I did some mowing this morning in back and all the native browse is withered up. The leaves on my American Beautyberries look like a canoe !
I need some fire wood
My dang saw though needs sharpening
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Old 06-30-2022, 04:46 PM   #31
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Growing a garden this year for the second time. Grew the first one a few years before 2011 (i think 2004), but it was very dry that year too. Might be another 20 years before I try it again. Not sure what I'm going to do for hay this winter.
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Old 06-30-2022, 06:45 PM   #32
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Was in Coleman County today…..looks awful
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Old 06-30-2022, 07:09 PM   #33
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Nothing close to 2011 on my places in Mills county at the moment. We were close from January until about 4 weeks ago, but have received a little over 3 inches of rain since then. In 2011 I fertilized about 220 acres of coastal for hay production and didn't get a drop till too late for coastal to grow.
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Old 06-30-2022, 08:39 PM   #34
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Our place in Shiner is looking as bad as 2011 when we had to sell all our cows on our 130 acre place. Hard to believe how grass rich we were just last year, not cutting all our fertilized fields (shredding) as we had just too much hay to put up.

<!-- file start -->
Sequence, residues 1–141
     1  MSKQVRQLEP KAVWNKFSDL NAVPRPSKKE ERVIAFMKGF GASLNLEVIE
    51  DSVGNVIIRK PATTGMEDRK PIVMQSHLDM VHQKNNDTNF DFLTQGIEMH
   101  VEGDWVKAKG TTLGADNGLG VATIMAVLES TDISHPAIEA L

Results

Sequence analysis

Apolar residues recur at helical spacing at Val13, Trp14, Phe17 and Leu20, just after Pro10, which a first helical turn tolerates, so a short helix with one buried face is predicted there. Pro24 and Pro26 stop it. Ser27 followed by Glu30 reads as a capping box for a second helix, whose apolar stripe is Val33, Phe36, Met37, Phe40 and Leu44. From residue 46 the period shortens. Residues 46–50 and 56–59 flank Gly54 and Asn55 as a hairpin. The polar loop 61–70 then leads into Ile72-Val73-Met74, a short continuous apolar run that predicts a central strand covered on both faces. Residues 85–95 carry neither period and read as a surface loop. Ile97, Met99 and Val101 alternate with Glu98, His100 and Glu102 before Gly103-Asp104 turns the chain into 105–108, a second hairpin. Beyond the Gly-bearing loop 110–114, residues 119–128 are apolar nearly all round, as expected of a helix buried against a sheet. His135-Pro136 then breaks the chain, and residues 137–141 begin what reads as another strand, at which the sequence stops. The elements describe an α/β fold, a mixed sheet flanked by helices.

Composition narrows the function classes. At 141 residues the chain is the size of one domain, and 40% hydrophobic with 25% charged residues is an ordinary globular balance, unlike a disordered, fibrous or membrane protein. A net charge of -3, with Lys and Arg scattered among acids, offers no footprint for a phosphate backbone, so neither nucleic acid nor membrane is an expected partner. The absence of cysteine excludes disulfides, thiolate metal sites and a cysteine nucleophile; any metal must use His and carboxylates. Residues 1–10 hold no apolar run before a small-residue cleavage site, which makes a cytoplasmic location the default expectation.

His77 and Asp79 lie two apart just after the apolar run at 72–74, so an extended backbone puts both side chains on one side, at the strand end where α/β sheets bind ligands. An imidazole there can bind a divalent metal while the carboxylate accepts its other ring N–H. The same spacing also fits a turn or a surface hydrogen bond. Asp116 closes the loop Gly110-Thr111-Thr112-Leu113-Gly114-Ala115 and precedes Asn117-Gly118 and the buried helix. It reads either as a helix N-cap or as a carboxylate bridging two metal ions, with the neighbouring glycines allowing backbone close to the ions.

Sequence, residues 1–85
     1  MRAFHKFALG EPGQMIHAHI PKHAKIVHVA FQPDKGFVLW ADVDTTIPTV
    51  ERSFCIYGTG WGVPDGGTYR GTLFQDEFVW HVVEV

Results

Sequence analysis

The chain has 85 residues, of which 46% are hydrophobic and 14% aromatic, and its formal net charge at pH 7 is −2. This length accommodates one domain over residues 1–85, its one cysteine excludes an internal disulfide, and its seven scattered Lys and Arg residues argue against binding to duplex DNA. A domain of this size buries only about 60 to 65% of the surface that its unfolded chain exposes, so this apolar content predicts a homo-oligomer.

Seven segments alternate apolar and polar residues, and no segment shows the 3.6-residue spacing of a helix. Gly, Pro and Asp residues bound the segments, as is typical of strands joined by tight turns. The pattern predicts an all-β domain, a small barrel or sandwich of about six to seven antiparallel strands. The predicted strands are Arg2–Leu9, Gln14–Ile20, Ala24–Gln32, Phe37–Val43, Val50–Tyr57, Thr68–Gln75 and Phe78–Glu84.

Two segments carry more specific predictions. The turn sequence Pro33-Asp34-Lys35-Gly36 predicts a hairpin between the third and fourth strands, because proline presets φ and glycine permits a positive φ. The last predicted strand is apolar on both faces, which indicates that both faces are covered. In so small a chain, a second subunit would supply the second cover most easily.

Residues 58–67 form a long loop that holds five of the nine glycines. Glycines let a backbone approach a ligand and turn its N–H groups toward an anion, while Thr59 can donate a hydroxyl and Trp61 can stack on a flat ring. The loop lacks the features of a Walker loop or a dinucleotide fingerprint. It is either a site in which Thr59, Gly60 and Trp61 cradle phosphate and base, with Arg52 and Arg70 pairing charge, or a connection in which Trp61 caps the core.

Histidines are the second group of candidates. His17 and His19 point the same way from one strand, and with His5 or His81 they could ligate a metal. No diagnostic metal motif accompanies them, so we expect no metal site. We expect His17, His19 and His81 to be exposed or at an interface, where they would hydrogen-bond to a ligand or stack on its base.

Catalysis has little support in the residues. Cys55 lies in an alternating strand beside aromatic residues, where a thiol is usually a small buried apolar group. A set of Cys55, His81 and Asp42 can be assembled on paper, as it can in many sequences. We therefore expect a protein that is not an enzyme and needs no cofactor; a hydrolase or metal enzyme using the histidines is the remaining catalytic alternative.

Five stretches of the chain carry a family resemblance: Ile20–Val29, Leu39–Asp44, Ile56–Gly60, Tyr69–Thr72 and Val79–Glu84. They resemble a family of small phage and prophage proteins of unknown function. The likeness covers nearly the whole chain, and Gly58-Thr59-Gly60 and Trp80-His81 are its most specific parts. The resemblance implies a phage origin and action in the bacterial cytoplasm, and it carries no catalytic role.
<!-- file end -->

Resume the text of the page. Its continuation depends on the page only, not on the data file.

Praying tropical depression or hurricane type rains changes things.
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Old 07-01-2022, 06:28 AM   #35
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Originally Posted by TexasTK View Post
Worse than 2011 at my place in Dimmit. Going on 9 months w less than 2"
100-105 degrees everyday is just brutal
Going to find out how much of an impact protein & cottonseed has on antler growth.
Most of the young cedar elms, hackberry, persimmon, & guajillo on south end of my ranch never put on leaves & alot of the trees appear to be dead.
Hate to say it because it’s so bad out there for you/most of us but I bet you see a better than normal increase in your antler growth because of your supplementals. It happens in years of drought as long as they have some kind of water source decently close. They should be crushing it.

Gotta send one up for our farmers and ranchers, hoping we start getting some slow rolling good rains for y’all.
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Old 07-01-2022, 06:41 AM   #36
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Our place in Shiner is looking as bad as 2011 when we had to sell all our cows on our 130 acre place. Hard to believe how grass rich we were just last year, not cutting all our fertilized fields (shredding) as we had just too much hay to put up.

Praying tropical depression or hurricane type rains changes things.
When I priced fertilizer this year and it was 950.00 a ton and herbicide was 50.00 a gallon, I about fell over. Guess it was a blessing in disguise.
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Old 07-08-2022, 10:35 PM   #37
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Is anyone privy to the long(er) term forecasts are calling for? Like into August, September and into the fall?
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Old 07-08-2022, 10:43 PM   #38
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Is anyone privy to the long(er) term forecasts are calling for? Like into August, September and into the fall?
Gotta ask God on that one. Weathermen ainít been very accurate lol
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Old 07-08-2022, 11:12 PM   #39
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2011 was the worst drought Iíve seen for us. This year is right up next to it so far.
Itís scary dry!!